Spending cuts: 'a dreadful day for British people'
Updated on 24 May 2010
David "Danny" Blanchflower, former monetary policy committee member and economics professor at Dartmouth College, gives his verdict on today's spending cuts.
This morning 'Slasher Osborne' announced the reckless spending cuts he had always threatened.
The actual number of £6.2bn was slightly larger than he had pre-announced during the election campaign. In my view these cuts will be a disaster for ordinary working people who will see their living standards fall and unemployment rise.
I expect unemployment to increase to well over three million by the end of the year and youth unemployment to be above a million, unless the government reverses course immediately.
At the press conference the Chancellor argued that these cuts are intended "to boost confidence in the economy and protect jobs". Far from it they will likely destroy jobs and cause confidence to collapse.
This on the day that a survey of British households showed that they are more pessimistic on their finances than they have been in more than a year in May amid worries the government's planned austerity measures may hurt their prospects, Markit Economics reported.
Other related stories
Spending cuts: where the £6bn axe will fall
Job losses 'inevitable' over spending cuts
Treasury's 'shockwaves' as £6bn cuts revealed
Gary Gibbon: how easy is it to make efficiency cuts?
Faisal Islam: 'kind cuts' do not mean painless cuts
About 57 per cent said public spending cuts would hurt them. Commenting on the figures Andrew Self, an economist at Markit said that "the May survey showed the reality of impending government spending cuts biting, with job security and the outlook for household finances among public sector workers slumping to the lowest seen since the depth of the recession."
The savings are due to be made from the budgets of 2010-2011 which have largely been determined already. Contracts have been signed and it is very unlikely that significant savings can be made from waste and efficiency this year.
Either there will be few savings or there will be savings from firing people, self-employed consultants are going to be hard hit. A hiring freeze will hit the young very hard at a time when youth unemployment remains high. A pay freeze in the public sector will lower demand further and inevitably lower growth.
Gerry Grimstone, adviser to the Treasury and chairman of Standard Life, writing in the Financial Times on 8 April 2010, had it right when he argued:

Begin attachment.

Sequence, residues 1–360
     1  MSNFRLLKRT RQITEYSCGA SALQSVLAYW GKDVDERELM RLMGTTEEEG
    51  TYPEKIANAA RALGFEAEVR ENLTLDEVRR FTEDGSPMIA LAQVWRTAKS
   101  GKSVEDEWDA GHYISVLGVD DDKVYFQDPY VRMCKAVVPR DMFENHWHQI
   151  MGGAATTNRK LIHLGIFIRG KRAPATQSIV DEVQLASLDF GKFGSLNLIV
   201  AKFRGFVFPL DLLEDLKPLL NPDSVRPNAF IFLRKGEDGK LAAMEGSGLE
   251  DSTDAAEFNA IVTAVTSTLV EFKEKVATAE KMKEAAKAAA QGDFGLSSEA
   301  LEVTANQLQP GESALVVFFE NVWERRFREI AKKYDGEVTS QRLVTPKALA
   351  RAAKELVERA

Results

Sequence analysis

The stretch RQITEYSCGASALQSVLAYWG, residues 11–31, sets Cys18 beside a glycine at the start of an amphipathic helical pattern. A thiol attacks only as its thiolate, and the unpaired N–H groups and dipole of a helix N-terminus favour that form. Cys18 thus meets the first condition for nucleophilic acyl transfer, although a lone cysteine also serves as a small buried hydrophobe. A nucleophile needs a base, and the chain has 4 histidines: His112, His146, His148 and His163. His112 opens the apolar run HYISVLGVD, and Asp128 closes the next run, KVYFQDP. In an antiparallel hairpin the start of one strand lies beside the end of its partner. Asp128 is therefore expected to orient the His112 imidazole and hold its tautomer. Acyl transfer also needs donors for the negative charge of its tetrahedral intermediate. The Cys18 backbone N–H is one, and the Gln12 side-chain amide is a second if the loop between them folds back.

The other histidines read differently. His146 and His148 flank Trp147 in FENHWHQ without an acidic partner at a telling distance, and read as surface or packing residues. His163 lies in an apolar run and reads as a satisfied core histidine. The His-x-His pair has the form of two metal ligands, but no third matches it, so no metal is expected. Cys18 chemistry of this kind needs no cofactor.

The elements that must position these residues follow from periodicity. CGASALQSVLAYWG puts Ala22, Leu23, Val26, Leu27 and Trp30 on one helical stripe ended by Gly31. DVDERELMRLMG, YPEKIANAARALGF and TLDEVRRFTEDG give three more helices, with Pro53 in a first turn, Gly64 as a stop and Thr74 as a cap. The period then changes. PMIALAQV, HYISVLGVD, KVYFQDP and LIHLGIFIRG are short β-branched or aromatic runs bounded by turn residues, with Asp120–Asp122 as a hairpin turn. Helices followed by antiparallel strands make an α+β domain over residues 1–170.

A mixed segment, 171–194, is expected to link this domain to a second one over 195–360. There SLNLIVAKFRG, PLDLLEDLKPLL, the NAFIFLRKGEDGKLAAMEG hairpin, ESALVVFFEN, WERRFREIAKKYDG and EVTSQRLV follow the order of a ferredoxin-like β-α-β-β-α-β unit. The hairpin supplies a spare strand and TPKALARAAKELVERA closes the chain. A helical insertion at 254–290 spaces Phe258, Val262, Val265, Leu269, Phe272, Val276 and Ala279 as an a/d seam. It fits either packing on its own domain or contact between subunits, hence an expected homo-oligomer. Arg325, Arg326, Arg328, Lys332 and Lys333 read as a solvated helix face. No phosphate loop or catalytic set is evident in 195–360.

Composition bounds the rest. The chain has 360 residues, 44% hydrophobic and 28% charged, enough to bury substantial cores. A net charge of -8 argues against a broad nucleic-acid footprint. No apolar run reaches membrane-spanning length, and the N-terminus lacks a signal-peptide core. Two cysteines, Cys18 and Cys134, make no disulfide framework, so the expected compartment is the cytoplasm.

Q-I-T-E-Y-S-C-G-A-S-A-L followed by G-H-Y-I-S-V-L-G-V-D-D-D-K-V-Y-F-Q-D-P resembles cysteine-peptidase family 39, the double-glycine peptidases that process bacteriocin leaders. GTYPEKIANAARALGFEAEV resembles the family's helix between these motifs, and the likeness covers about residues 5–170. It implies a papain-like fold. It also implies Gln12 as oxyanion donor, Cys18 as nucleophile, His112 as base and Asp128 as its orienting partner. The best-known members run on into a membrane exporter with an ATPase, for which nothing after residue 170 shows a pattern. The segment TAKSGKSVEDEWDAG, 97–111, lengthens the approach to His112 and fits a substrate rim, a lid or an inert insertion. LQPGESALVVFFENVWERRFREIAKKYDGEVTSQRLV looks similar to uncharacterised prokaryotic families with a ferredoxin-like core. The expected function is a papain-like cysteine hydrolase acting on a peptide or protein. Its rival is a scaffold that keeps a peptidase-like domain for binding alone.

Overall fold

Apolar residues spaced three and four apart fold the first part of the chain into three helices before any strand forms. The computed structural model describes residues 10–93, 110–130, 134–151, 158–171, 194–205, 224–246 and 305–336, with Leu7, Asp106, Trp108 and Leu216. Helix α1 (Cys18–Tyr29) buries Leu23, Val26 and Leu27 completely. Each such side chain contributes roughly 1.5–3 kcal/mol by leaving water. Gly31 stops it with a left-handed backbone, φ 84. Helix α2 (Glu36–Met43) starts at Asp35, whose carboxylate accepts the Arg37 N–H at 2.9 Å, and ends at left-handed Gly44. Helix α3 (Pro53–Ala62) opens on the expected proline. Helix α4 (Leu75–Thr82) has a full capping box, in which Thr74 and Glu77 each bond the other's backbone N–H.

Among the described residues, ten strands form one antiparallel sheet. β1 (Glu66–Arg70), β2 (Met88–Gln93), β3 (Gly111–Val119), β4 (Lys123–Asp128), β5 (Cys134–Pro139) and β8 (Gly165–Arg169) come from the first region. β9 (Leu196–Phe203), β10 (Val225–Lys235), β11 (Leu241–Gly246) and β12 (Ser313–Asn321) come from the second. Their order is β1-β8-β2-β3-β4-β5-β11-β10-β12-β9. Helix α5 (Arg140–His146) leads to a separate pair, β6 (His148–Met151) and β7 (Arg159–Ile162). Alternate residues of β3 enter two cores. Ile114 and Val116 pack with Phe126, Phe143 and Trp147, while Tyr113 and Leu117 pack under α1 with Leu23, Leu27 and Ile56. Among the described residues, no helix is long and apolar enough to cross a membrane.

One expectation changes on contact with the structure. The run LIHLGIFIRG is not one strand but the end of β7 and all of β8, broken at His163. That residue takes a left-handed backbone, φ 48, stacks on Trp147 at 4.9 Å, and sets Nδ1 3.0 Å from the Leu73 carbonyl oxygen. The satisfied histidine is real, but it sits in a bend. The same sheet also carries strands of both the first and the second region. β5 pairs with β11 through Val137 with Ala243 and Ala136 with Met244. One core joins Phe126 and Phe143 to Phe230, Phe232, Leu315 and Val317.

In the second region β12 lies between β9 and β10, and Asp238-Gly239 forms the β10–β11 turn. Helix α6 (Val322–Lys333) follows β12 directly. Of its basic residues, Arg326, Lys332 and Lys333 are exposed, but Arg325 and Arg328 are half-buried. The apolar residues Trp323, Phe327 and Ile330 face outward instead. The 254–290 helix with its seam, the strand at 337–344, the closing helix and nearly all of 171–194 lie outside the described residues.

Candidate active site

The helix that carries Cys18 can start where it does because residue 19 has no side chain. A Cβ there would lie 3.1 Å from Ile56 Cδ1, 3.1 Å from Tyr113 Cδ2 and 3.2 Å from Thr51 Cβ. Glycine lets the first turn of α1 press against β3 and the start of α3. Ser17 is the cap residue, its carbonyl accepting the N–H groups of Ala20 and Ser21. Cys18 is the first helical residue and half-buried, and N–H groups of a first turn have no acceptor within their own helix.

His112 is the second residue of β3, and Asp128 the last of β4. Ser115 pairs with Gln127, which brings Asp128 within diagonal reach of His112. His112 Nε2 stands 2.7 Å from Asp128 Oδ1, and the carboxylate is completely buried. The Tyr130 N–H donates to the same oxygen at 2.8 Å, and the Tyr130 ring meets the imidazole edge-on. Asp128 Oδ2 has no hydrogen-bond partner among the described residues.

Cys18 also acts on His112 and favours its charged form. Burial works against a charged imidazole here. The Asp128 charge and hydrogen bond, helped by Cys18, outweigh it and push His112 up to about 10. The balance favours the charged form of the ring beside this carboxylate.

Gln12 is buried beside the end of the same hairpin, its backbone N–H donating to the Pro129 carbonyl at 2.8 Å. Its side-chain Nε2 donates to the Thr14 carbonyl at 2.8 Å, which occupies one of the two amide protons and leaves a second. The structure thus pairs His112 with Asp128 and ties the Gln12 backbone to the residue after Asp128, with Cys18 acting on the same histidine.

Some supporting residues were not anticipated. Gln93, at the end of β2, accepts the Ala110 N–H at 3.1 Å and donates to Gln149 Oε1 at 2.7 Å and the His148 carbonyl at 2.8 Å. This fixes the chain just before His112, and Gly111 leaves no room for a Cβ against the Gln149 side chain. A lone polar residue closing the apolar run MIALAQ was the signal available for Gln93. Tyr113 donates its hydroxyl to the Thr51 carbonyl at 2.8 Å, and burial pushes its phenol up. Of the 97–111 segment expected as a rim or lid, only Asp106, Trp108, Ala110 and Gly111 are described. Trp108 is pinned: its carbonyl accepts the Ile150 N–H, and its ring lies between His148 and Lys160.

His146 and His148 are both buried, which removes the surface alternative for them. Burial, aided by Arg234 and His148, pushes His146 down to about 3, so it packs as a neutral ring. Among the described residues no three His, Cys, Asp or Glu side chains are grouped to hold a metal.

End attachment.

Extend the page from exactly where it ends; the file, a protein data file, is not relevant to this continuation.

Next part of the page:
"This financial year has already started. The economy is in a fragile state. Incoherent attempts to deliver efficiencies will not deliver value for money and will damage the services people rely on in times such as these."
GDP dropped by over 6 per cent from peak to trough and we have had two quarters of weak growth. The latest quarter looks like it will be revised up a little, but this does not imply that all is well. There is little evidence that firms are investing or hiring.
As James Galbraith recently argued in the Nation, economic growth can be obtained either through government spend or bank lend. At the present time there is very little bank lend, hence the need for public spending. Without it we risk a double dip recession or worse still a Great Depression Mark 2.
These cuts are driven by dogma not by sound economics.
First, over the last few days the size of the public deficit was revised down by over 7 billion, removing the need for these cuts.
Second, growth in the euro area will likely be revised down because of the spreading sovereign debt crisis. The failure of the Spanish bank CajaSur over the weekend spread fears through the markets that the current crisis has legs and is far from over.
The EU is our major trading partner and lower growth there means lower exports and lower growth for the UK.
Third, these cuts in themselves will lower growth further and are not included in either the Treasury or the MPC's bullish growth forecasts.
The size of the cuts are not trivial, as some have claimed, because of the scale of the multiplier effects involved. They will harm workers in the public sector and the private sector and lower incomes and profits.
In any case if they are trivial why do them at all?
The majority of the British electorate did not vote for these cuts in the election just two weeks ago.
And there are apparently many more cuts to come. Osborne has no mandate for these cuts.
This is a dreadful day for the British people.
David 'Danny' Blanchflower is Professor of Economics at Dartmouth College, New Hampshire and the University of Stirling. He is a columnist at the New Statesman and Bloomberg